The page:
Gray divorce is the term coined to describe divorce among spouses approximately 60 and older. The rate of gray divorce has more than doubled in the last few decades and today, such divorces represent almost 35% of all divorces according to a report from the U.S. Census Bureau. The reasons for the increase are varied but it seems that societal norms have changed and certain older couples are now more willing to end their marriage. There are some different considerations for older adults, so if you are contemplating a gray divorce, it’s important to understand the pros and cons.
Pros of Gray Divorce
Starting in our late 50s, many of us experience a transition in our lives. Children are out of the house, health problems may start to become an issue, and we’re thinking of retirement and/or how we want to spend the next few decades. Adjusting to these changes can be difficult and can lead to or exacerbate marital problems.
Longer lifespans mean that spouses who are unhappy in their marriage may have decades to spend alone together without kids or work to act as a buffer. They may realize that they have different views of how they want to live their lives and may become less tolerant of each other and problems that may have existed for years.
Further, the fact that there are so many years left to live means that many individuals feel there is still an opportunity to find happiness by pursuing other interests and/or beginning new relationships.
However, while it’s never too late to divorce, there are still practical issues to consider.
Cons of Gray Divorce
Psychologically, divorce may be the right decision, but financially, it may present challenges. Some spouses nearing or in retirement may have difficulty managing on their own financially. In some families, older adults find their finances depleted after putting kids through college, paying off their house, and spending more money on healthcare as they age. They may even have accumulated new debts. In divorce, assets are divided in some proportion, so spouses who may have been fine if they remained married may find that they don’t have enough once those assets are allocated and the same money is now supporting two separate households.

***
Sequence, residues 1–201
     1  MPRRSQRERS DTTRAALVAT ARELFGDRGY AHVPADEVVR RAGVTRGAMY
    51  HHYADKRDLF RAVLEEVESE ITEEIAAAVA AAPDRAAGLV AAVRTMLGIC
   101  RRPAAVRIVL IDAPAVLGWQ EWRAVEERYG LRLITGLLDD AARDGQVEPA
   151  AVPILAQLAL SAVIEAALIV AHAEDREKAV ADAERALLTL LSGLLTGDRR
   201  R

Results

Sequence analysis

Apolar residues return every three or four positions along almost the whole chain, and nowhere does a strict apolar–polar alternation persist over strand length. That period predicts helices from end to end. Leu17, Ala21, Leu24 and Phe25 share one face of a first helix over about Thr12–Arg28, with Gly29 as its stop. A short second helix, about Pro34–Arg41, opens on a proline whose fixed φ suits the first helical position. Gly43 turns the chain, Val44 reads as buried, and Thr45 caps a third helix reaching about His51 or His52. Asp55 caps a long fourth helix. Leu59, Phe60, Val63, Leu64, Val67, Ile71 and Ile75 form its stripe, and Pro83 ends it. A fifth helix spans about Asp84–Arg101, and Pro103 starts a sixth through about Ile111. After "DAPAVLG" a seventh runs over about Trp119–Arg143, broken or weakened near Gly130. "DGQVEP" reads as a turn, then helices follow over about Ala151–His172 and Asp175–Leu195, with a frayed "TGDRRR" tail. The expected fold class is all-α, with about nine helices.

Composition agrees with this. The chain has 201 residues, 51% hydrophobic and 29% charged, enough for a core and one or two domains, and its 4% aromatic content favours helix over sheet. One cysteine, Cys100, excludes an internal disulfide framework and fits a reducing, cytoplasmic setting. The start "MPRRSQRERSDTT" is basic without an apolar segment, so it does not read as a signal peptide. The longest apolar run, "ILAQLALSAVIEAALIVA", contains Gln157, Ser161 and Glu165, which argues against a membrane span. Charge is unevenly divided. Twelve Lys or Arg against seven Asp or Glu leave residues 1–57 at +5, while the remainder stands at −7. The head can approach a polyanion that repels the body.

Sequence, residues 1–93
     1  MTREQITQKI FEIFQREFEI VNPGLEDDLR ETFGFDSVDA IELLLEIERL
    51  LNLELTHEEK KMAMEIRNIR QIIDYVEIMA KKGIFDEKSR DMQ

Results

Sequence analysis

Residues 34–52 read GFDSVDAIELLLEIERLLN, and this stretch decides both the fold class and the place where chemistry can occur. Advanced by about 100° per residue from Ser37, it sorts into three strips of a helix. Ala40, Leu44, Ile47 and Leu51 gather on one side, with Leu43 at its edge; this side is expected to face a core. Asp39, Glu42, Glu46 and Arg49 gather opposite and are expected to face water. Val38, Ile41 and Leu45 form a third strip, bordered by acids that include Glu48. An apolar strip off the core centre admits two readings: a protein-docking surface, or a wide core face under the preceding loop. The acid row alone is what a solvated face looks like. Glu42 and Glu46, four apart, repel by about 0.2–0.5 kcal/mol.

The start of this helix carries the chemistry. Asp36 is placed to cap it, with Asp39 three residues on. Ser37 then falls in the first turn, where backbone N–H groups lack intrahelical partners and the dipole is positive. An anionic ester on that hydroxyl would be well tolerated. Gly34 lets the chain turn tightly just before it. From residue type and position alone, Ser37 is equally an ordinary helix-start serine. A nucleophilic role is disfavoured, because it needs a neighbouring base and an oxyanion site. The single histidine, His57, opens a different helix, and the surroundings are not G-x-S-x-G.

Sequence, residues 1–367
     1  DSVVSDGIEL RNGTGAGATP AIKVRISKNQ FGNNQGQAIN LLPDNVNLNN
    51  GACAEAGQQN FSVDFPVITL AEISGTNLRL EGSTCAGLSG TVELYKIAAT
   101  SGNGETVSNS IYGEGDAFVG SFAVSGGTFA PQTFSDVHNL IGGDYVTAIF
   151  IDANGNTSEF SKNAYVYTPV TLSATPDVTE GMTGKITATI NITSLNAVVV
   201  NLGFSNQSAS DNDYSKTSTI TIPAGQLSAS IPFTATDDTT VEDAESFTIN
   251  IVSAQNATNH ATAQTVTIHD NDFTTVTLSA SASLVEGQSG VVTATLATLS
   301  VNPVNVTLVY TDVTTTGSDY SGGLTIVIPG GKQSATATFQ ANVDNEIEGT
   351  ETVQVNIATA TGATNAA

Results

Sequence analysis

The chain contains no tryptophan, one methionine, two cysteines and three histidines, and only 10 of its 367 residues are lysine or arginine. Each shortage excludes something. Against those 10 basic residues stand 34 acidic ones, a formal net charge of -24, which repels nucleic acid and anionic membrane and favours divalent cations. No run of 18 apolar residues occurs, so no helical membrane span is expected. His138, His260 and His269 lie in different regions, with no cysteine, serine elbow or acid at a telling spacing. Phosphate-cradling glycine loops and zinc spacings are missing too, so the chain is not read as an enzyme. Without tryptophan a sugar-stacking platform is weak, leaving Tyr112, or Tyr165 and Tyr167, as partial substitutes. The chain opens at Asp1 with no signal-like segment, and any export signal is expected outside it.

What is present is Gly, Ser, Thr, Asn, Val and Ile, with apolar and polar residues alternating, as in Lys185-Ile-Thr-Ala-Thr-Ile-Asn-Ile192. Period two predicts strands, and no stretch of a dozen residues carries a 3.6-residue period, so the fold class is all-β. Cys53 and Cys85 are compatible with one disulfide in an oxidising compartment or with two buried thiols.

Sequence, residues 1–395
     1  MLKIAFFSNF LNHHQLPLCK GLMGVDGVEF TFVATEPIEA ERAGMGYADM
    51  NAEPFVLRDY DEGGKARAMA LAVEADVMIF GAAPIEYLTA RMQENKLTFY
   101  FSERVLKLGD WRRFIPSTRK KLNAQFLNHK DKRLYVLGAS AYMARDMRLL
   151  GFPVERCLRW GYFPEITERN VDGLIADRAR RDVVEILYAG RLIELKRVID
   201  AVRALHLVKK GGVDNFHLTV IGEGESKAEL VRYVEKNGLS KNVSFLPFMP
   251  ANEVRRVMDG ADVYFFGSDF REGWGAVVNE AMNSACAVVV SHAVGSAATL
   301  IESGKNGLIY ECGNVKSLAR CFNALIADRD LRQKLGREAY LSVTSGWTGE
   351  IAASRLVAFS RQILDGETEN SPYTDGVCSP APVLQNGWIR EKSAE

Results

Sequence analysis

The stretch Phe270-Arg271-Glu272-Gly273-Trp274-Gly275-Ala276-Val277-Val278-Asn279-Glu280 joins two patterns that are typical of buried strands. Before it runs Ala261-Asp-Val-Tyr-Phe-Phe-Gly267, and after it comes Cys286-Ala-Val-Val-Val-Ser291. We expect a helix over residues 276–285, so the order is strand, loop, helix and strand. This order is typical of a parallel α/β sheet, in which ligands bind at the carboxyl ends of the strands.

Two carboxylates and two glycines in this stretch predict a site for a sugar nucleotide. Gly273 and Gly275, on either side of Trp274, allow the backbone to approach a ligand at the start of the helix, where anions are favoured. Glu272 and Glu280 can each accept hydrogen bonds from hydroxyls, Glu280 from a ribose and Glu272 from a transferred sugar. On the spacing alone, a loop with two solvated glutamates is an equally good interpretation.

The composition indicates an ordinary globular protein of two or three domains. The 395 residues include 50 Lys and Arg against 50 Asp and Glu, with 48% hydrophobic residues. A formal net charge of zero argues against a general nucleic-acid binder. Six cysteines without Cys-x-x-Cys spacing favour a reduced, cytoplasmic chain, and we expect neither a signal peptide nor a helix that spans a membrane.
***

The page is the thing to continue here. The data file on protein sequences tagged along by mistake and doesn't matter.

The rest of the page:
Income may also be an issue. If the spouses are legitimately retired, there will not be an alimony award. In high net worth cases, the assets will be sufficient to generate income and/or can be drawn on for expenses. But in cases that are more modest, income may be solely derived from Social Security, pensions, and retirement accounts. In some gray divorces where spouses are not yet retired, alimony is a significant point of negotiation, especially where spouses are close to actually retiring. The parties or court must determine how long a spouse may be reasonably expected to work. Years ago, 65 was the standard retirement age, but today, it varies depending on the nature of the job. It is important to note that if alimony is negotiated with certain work assumptions, in certain instances, but not all, a party may subsequently seek a modification of the support award if circumstances later change.
Ownership of the family home can also be a significant financial issue. A spouse who wants to remain in the home must consider the costs to do so. If there is still a mortgage, it will need to be refinanced to remove one spouse from that obligation. However, if the spouse keeping the house has no income, refinancing will be difficult.
Deciding to Divorce
The emotional and financial impact of gray divorce can be substantial. If you are considering divorce, consult an attorney to understand your rights and obligations. Our divorce lawyers have extensive experience assisting individuals with the circumstances involved in divorcing later in life. Contact us for a consultation.